What takes eight hours to solder and uses more shrink tubing that you thought imaginable? An LED matrix installed in a real pumpkin. When I mentioned that we’d like the LED pumpkin in last Friday’s post scaled up to a full LED matrix I had no idea it would be me doing the work. But [Caleb] and I thought it might be just the thing to present for the hacker’s favorite holiday.
Installed in the autumn vegetable is a marquee made from a 5×14 matrix of light emitting diodes. I spaced them by printing out a grid on the computer, taping it to the pumpkin, and drilling 70 holes in the front of the thing. The real trouble came when inserting all of the LEDs from the inside; each of them has four wires soldered to it, creating a net of black wiring. Above you can see it turned out great. This is a shot of it scrolling the message HAPPY HALLOWEEN.
Join us after the break for video of this prop. But we’re not just sharing the finished product. I’ll take you through the build process. Along the way you’ll learn the design considerations that go into an LED matrix and how you can use these techniques to build your own in any size and configuration you desire.
Continue reading “70 LED matrix in a Jack-o-lantern”
[Ben Heck] is in the Halloween spirit with his Portal inspired “see through” t-shirt. That is, a thin lcd is mounted on [Ben’s] chest, with a not as thin camera mounted on his back; when the system is running, everything behind him is captured by the camera and displayed on the LCD. The concept isn’t exactly new by any means, often by the name of “gaping holes” or “hole through body” or more, but the project goes to show that a creative costume isn’t always the most elaborate, expensive, or even a new idea. Catch a video of how to make your own Portal shirt, after the jump. Oh, and you can win the Portal shirt here.
[via The Daily What]
Continue reading “Portal…shirt?”
Picking up a raw egg is not something we’d think a robot gripper would be good at. But this model uses a bulbous tip instead of claw, which makes crushing the object less of a concern.
That tip is kind of like a balloon. It is stretched full with coffee grounds but air can also be pumped in and sucked out. When it comes time to grip an object, a bit of air is pumped in and the bulb is pressed down on its target. Once in place all of the air is sucked out, locking the coffee grounds around the object. Take a look after the break to see just how many things can be gripped with this technique.
Now the real question, can it bring me a beer?
Continue reading “Robot gripper uses coffee to pick up anything”
It looks like the iPhone lock screen provides just a marginal level of protection. [Jordand321] discovered a key combination that opens the contact app on a locked iPhone. Just tap the emergency call button, enter the pound sign three times (###), then tap call and immediately tap the lock key on the top of the phone. If this is confusing just look at the video after the break to see how it’s done.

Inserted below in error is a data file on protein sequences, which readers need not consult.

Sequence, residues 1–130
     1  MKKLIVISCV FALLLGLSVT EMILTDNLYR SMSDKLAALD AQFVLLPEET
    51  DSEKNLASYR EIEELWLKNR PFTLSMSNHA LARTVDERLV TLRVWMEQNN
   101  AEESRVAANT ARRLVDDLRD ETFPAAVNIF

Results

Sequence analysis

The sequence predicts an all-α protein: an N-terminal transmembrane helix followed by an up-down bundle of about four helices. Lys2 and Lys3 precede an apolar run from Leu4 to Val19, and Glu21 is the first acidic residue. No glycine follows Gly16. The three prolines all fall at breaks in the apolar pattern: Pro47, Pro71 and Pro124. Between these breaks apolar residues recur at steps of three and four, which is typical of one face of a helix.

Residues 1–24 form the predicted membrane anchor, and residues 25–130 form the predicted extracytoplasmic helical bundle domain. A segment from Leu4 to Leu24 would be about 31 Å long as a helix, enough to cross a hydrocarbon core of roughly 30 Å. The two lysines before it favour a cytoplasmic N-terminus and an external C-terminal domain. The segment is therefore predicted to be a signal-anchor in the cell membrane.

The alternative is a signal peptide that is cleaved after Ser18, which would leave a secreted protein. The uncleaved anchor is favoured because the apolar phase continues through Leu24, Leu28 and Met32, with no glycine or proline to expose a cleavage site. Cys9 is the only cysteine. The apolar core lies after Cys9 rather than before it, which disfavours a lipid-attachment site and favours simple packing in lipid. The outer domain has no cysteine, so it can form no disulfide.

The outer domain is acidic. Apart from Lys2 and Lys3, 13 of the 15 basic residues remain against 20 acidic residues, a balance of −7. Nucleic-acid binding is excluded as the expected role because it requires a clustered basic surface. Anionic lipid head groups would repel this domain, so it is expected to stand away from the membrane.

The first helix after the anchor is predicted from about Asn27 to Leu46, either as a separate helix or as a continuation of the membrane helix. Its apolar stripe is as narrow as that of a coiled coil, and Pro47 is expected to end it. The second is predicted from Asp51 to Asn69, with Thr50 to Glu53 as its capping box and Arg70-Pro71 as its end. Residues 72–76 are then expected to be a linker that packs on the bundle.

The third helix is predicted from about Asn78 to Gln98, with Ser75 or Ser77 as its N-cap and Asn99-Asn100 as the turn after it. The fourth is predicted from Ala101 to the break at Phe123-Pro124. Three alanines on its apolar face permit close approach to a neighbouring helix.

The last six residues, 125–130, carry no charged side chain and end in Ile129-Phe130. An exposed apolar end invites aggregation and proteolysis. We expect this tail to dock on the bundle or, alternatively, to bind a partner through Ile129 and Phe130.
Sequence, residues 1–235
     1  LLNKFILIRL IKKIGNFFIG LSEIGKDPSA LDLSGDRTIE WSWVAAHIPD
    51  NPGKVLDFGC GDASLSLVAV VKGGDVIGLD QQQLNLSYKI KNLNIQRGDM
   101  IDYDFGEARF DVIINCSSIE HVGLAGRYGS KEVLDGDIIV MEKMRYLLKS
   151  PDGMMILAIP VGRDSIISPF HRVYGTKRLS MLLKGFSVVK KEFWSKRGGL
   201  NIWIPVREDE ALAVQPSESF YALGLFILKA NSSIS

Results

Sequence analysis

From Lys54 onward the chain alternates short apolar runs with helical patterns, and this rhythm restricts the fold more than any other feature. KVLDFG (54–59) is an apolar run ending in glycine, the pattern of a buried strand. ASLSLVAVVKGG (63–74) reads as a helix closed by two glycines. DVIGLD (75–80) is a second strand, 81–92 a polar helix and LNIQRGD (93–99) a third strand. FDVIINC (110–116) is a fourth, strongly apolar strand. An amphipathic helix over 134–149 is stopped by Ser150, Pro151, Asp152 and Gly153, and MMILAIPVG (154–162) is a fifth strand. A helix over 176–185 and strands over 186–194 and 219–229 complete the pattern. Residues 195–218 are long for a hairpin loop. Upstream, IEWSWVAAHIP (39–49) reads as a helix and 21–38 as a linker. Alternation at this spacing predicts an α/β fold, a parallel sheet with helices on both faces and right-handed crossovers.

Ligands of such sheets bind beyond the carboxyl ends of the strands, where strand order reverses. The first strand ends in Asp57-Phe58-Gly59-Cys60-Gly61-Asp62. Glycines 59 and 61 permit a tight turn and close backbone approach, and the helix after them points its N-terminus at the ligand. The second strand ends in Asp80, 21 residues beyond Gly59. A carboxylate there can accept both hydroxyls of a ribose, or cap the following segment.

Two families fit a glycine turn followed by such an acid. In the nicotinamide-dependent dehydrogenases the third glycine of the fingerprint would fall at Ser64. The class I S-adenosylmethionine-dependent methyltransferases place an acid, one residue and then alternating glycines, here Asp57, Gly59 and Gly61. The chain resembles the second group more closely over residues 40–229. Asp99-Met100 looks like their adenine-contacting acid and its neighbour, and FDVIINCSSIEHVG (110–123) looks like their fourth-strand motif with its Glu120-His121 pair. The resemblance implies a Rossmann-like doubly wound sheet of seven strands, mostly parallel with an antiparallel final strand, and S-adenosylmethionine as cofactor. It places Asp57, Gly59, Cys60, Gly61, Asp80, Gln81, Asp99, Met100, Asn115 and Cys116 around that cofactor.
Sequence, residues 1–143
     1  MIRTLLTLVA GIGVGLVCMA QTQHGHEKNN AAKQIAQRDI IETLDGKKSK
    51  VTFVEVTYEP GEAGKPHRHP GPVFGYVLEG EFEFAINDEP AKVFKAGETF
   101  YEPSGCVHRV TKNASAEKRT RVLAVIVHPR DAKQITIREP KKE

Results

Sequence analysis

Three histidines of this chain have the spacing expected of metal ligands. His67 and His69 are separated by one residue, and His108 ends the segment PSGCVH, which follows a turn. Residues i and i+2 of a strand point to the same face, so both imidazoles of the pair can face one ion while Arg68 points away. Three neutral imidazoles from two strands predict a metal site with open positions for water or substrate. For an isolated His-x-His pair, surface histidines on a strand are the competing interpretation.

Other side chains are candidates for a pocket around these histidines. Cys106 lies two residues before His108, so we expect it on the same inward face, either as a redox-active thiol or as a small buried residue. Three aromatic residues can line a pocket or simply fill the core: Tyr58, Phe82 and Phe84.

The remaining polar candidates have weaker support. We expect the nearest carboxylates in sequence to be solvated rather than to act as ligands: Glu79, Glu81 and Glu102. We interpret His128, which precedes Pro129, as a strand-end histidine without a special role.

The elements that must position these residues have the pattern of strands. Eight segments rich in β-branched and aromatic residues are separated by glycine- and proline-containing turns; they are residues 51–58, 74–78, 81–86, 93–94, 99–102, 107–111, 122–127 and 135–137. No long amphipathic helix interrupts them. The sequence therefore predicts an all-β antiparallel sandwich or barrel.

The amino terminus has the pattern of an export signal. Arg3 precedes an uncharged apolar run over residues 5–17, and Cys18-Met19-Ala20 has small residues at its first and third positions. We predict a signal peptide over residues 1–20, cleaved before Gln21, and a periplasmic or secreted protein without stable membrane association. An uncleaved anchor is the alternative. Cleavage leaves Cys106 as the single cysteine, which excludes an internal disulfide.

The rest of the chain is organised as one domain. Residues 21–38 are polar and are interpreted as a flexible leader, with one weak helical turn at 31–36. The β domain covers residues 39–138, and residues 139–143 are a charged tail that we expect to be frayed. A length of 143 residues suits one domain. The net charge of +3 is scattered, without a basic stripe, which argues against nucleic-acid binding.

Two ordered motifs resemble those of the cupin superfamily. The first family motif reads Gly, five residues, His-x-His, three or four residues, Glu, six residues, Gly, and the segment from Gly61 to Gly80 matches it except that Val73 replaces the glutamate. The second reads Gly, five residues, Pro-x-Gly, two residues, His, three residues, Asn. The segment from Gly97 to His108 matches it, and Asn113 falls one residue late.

You don’t get access to everything on the device. But this does give an attacker access to all of your contact data and allows that person to make any calls they desire.
Continue reading “Security flaw bypasses iPhone lock screen”
If you ever wanted to incorporate tank treads into one of your build you should check out this guide. The method shown above is our favorite, which uses rubber fuel line hose and #10 machine bolts to hold together two lengths of hollow-pin roller chain. You can see the drive sprocket is keyed into the outer length of chain but the wheels that distribute the vehicle’s weight rest on the rubber tubing. You’ll also find details on building hinged track, molded track, plastic conveyor track, treadmill track, and bicycle chain construction. This should cut down on development time when you finally get around to making that paintball tank.
Wanting to save space and weight on his project build [Florin] set out to find a way to add Ethernet connectivity without the magnetics. His ill-advised first try involved directly coupling two switches, frying both in the process. After some research he found that Ethernet hardware manufacturers have considered the need for devices without the magnetics and there are several application notes available on the subject. [Florin] followed the information that Realtek has for their devices and learned that they can be couple capacitively. After depopulating the magnetics from a second pair of switches he wired up some resistor-capacitor networks on a breadboard and got the connecting to work.
The above is a specially designed game controller made by [Giorgos] solely for the RTS game Men Of War (now that’s dedication to a game). [Giorgos] started off with a rough breadboard and 11 buttons. Slowly overtime he included a joystick, countdown timers, and the wonderfully lit case. Under the hood is a couple of PIC microcontrollers multiplexing the switches, LEDs, timers, and also interfacing with the computer via how is it not dead yet PS/2 port. The build log is a very detailed read and well worth it, even if you’re not planning on making a custom controller. [Ben Heck] better watch out, there is a new controller making enthusiast on the loose.